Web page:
By the end of the Civil War in 1921 the Bolsheviks had succeeded in securing their grip on power in Russia. The White Armies and the foreign powers fighting on Russian soil had been defeated. Just as importantly, rival political parties had been outlawed and, thanks to the Cheka secret police, dissenting voices were permanently silenced.
Another notable success for the CHEKA had come early in the Civil War. The Bolsheviks had captured Tsar Nicholas and his entire family in February 1917 shortly after the Tsar’s abdication. On July 16th, under the control of CHEKA, the Tsar and his family were executed by firing squad in the basement of a house in the Soviet-controlled city of Ekaterinburg. The Romanov era was definitely over and the potential threat of a future monarchist uprising had been ended.



voices from the gulag
General Nicolai Yudenich


voices from the gulag
Map of the Russian civil war in the West

The German Russian Settlements in the Period of Anarchy and Civil War

The German Volga Colonies
The new Bolshevik government came to the lower Volga in November 1917, when Saratov, the capital of the Volga German district, was occupied by the communists. Taking at face value Lenin’s proclamation on the right of nationalities for autonomy the Volga Germans sent a delegation to Moscow, in the name of the Union of Volga German Socialists, established during the Provisional Government, requesting self government and political autonomy, including authority to create local self defense units. In response, the Soviet government established the Commune for Volga German Affairs in Saratov in April 1918. Lenin stated that this new government agency was necessary to “combat the big landowners and counter-revolutionaries in the German colonies”.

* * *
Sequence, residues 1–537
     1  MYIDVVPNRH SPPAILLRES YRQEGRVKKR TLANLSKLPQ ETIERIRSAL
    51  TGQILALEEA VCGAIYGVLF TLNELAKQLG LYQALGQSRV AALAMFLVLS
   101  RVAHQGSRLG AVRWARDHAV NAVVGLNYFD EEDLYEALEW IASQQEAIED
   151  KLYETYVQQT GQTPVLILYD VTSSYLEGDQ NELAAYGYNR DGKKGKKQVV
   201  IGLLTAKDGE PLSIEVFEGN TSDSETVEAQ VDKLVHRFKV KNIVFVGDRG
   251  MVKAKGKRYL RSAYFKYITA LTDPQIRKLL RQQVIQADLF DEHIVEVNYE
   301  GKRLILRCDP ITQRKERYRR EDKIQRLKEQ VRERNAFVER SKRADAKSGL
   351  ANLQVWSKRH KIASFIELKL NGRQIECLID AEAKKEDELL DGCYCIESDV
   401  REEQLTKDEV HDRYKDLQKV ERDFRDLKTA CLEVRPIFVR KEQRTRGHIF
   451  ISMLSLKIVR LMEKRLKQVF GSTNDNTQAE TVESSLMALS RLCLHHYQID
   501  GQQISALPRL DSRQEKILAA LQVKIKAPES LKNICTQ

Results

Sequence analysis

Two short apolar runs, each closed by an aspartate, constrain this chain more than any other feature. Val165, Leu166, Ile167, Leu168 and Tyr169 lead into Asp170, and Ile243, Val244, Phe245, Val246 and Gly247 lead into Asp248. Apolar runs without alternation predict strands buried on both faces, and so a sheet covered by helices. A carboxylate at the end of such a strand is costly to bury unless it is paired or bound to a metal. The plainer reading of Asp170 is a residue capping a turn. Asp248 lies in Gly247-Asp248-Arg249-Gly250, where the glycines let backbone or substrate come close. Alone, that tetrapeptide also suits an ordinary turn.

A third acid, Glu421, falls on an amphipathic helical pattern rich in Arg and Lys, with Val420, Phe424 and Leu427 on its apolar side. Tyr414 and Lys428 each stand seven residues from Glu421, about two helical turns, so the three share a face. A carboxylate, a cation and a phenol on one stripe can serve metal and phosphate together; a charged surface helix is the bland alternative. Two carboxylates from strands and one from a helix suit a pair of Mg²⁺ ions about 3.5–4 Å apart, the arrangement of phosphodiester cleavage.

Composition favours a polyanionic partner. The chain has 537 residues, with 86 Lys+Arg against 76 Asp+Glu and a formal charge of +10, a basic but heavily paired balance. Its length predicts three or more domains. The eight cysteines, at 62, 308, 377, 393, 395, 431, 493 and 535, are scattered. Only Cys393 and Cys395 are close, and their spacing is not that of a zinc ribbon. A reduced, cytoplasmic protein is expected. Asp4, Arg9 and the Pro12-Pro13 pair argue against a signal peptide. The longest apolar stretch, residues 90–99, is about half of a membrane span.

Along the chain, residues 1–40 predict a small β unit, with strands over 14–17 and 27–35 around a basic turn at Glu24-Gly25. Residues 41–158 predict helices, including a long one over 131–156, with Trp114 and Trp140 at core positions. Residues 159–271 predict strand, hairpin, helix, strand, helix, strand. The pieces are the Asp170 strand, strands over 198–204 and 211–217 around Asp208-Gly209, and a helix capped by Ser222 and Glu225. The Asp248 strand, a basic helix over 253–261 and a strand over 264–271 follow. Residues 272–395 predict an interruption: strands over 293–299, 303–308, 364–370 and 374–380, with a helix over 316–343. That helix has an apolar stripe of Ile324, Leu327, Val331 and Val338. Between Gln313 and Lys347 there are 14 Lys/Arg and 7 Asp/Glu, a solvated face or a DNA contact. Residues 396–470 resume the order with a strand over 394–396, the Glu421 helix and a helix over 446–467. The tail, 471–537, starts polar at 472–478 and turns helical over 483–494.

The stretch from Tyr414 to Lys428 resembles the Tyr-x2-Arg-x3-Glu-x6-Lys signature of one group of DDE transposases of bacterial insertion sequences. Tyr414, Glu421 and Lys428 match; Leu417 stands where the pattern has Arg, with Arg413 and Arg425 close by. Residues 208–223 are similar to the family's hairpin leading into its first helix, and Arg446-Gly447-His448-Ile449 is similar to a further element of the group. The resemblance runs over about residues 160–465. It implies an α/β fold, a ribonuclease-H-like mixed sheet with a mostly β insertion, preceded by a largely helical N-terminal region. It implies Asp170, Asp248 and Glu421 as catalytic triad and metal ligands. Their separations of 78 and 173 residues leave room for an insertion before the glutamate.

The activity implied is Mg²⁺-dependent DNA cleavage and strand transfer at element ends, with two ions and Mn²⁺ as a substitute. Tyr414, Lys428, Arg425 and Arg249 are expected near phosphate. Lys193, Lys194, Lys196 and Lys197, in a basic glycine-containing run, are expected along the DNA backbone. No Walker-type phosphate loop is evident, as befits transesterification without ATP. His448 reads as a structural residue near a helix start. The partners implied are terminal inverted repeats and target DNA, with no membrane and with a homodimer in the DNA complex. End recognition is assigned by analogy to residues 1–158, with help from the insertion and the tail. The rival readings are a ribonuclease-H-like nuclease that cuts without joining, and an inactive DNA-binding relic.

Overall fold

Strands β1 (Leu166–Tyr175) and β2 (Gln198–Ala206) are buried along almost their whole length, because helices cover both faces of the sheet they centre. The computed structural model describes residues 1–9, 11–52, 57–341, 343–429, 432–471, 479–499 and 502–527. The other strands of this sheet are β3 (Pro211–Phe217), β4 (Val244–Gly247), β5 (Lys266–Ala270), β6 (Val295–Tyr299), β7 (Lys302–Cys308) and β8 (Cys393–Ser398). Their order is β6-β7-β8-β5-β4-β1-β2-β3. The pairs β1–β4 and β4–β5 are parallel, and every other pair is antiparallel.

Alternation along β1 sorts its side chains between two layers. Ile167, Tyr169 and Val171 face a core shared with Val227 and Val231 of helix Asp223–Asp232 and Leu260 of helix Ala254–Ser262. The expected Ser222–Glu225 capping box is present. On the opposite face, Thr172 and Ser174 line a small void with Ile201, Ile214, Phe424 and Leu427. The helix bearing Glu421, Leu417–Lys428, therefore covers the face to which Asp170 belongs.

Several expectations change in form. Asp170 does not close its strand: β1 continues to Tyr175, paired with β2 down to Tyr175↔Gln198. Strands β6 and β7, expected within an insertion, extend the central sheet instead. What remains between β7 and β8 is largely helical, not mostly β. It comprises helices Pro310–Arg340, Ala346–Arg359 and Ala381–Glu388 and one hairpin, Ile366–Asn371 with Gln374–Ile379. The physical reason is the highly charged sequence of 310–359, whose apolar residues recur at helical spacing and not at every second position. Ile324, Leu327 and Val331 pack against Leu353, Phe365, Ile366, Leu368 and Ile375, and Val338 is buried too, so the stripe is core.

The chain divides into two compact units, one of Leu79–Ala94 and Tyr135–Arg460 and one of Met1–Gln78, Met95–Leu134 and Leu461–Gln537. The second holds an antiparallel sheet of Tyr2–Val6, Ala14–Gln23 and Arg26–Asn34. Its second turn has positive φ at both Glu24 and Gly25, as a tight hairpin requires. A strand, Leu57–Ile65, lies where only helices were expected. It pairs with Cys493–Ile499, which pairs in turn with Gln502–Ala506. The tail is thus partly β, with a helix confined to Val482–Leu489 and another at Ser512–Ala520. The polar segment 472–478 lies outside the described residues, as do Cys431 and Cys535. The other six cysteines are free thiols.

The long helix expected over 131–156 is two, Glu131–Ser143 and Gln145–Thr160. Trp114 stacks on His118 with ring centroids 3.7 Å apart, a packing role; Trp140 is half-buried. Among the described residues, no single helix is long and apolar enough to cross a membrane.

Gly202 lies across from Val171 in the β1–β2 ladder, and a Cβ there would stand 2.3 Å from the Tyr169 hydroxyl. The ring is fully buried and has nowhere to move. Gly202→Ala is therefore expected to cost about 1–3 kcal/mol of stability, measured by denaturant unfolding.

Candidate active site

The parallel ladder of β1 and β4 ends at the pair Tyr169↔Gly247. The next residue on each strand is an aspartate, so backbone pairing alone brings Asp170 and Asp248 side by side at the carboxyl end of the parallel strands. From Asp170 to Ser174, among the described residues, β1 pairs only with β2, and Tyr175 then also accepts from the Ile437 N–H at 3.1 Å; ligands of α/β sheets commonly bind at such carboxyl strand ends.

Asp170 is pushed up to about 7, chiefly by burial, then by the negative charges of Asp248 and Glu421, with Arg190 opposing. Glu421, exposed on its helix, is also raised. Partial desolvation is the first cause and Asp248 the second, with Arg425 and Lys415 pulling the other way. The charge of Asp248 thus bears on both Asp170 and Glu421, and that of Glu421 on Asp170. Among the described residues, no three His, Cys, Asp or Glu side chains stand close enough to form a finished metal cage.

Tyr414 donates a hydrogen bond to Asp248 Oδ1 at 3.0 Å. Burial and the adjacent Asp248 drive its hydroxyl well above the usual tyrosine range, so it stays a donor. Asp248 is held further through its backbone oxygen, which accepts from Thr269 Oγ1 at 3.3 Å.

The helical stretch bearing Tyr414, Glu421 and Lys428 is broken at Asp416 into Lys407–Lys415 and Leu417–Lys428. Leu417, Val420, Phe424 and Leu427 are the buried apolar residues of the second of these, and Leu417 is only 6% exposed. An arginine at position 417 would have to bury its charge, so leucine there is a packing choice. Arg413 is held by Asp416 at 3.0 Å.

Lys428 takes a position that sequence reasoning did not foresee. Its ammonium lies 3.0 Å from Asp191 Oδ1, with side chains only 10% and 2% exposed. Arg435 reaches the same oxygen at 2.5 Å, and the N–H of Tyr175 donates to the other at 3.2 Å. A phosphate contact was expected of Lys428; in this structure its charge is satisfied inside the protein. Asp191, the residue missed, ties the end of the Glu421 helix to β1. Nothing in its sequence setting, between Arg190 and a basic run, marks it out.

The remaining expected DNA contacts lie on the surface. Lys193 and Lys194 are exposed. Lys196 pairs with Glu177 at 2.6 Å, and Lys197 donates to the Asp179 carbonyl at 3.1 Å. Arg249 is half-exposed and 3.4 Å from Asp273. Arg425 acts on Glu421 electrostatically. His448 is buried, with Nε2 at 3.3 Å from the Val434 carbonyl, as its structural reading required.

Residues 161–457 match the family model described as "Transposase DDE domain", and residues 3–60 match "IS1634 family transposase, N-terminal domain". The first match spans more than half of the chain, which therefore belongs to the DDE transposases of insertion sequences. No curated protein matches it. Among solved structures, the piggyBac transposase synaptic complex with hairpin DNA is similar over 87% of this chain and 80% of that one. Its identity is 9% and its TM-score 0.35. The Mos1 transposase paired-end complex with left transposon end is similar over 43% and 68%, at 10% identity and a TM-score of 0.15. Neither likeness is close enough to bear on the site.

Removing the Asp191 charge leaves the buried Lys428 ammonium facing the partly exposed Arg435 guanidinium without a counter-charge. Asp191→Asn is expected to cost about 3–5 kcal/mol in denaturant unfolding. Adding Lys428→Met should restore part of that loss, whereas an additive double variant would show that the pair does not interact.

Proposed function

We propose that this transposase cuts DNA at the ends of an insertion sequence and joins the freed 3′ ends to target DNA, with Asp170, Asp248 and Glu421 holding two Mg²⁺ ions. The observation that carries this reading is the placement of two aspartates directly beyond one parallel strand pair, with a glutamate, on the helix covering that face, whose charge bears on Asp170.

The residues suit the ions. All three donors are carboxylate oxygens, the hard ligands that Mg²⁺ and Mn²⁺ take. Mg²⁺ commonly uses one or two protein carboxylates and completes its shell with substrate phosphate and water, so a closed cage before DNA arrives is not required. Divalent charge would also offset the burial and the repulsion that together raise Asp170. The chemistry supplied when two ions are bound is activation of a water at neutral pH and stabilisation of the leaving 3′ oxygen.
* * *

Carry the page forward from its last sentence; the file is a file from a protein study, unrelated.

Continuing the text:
A policy of cultural autonomy, as proclaimed by the Bolshevik Declaration of Rights of the People of Russia, permitted the German communities full use of the German language in schools, local administration, legal matters and cultural life, including publication of their own German language newspapers with contents dictated by the communist party, of course – but only Soviet trade unions and Soviet youth organizations were permitted. German non-communist newspapers, however, ceased publication, church schools were closed and church property confiscated. Education in the German language ended about 1938, continuing only in the Volga Republic, the successor of the Volga Commune, until it was liquidated in 1941 with Germany’s attack on the Soviet Union.